Prior exercise suppresses the plasma tumor necrosis factor response to bacterial lipopolysaccharide

G. J. Bagby, D. E. Sawaya, L. D. Crouch, R. E. Shepherd

Research output: Contribution to journalArticlepeer-review

40 Scopus citations


This study was initiated to determine the effect of physical exercise on the in vivo tumor necrosis factor-α (TNF) response to Escherichia coli lipopolysaccharide (LPS). Rats familiarized with treadmill running and surgically implanted with vascular catheters were either not exercised or exercised to near exhaustion (mean run time of 102 ± 13 min) before intravenous LPS challenge (1 mg/kg; lethality of dose is 10-20% in 24 h). Compared with time-matched nonexercised control rats, exercised rats had increased heart rates, plasma lactate, and plasma corticosterone and decreased plasma glucose at the conclusion of exercise. In response to LPS, both groups became hypotensive, exhibited transient hyperglycemia, and sustained hyperlactacidemia. By 30 min post-LPS, plasma corticosterone levels were similar in the two groups. Nonexercised rats exhibited a normal plasma TNF response to LPS with the peak value (10,400 ± 2,000 U/ml) occurring 90 min after LPS challenge. In contrast, the TNF response in rats exercised before LPS administration was blunted to 17% of the nonexercised group, with the peak occurring at an earlier time after LPS. Addition of recombinant murine TNF to postexercise plasma was fully expressed. The TNF response remained attenuated when LPS was administered up to 6 h after completion of exercise, but it returned to normal in rats allowed to recover for 24 h. The results demonstrate that exercise, perhaps as a stress modality, markedly suppresses the systemic TNF response that is normally observed in response to LPS challenge.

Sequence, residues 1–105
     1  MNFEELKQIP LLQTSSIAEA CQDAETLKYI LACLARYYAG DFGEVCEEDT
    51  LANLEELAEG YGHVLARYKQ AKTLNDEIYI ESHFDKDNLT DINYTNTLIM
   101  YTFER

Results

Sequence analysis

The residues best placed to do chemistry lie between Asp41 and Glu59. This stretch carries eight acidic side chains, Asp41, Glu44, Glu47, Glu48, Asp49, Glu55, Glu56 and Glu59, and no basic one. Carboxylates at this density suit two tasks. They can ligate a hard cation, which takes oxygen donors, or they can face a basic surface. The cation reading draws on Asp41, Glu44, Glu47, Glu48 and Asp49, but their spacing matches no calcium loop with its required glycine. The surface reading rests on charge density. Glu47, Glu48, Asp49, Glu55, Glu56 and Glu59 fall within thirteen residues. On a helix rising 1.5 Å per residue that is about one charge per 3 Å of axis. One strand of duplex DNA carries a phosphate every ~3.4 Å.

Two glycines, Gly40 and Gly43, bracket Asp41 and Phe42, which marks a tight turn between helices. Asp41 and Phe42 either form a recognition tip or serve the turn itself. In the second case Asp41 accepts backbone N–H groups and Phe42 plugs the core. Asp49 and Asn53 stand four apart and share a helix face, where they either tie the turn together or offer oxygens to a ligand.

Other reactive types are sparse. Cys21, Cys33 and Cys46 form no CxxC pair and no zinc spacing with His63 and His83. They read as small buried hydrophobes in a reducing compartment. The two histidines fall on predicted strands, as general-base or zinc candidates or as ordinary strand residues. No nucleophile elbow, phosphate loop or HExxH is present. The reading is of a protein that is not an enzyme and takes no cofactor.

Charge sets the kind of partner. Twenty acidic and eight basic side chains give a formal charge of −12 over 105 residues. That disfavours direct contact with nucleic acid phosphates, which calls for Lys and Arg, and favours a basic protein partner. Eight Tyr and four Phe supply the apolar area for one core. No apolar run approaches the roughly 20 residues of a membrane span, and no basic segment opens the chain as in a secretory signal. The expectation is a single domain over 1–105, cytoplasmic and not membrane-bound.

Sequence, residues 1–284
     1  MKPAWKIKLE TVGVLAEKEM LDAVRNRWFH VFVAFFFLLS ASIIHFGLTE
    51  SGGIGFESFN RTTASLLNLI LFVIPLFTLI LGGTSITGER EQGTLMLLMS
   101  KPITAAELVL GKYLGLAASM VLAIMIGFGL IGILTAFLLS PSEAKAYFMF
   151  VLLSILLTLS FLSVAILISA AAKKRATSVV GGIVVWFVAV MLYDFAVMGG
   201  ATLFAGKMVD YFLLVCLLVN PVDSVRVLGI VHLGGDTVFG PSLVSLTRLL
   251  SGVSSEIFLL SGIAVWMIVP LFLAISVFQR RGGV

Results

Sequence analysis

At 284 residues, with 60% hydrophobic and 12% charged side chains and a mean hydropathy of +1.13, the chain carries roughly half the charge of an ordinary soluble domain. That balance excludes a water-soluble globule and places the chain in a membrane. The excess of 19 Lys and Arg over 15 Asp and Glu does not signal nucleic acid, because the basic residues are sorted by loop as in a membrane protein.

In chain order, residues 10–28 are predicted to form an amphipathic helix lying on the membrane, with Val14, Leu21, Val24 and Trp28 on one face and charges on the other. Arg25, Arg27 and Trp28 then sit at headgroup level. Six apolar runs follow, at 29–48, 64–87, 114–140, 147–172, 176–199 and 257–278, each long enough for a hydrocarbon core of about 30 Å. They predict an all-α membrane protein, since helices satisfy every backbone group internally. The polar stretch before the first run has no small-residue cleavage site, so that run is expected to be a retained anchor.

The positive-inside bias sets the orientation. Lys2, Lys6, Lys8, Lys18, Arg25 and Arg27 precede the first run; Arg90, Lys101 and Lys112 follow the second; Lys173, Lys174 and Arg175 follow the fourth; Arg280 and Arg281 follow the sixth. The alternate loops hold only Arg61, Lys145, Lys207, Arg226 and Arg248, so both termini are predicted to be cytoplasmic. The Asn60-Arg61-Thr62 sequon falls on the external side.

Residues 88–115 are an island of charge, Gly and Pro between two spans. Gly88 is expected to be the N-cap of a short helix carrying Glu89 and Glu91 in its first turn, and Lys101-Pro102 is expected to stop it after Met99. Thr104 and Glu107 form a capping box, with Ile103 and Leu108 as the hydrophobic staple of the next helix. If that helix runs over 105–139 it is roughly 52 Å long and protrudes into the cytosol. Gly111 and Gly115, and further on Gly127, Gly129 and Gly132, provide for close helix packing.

Original languageEnglish (US)
Pages (from-to)1542-1547
Number of pages6
JournalJournal of Applied Physiology
Issue number3
StatePublished - 1994
Externally publishedYes


  • endotoxin
  • exercise
  • glucocorticoids
  • immunosuppression
  • rats
  • stress
  • training

ASJC Scopus subject areas

  • Physiology
  • Physiology (medical)


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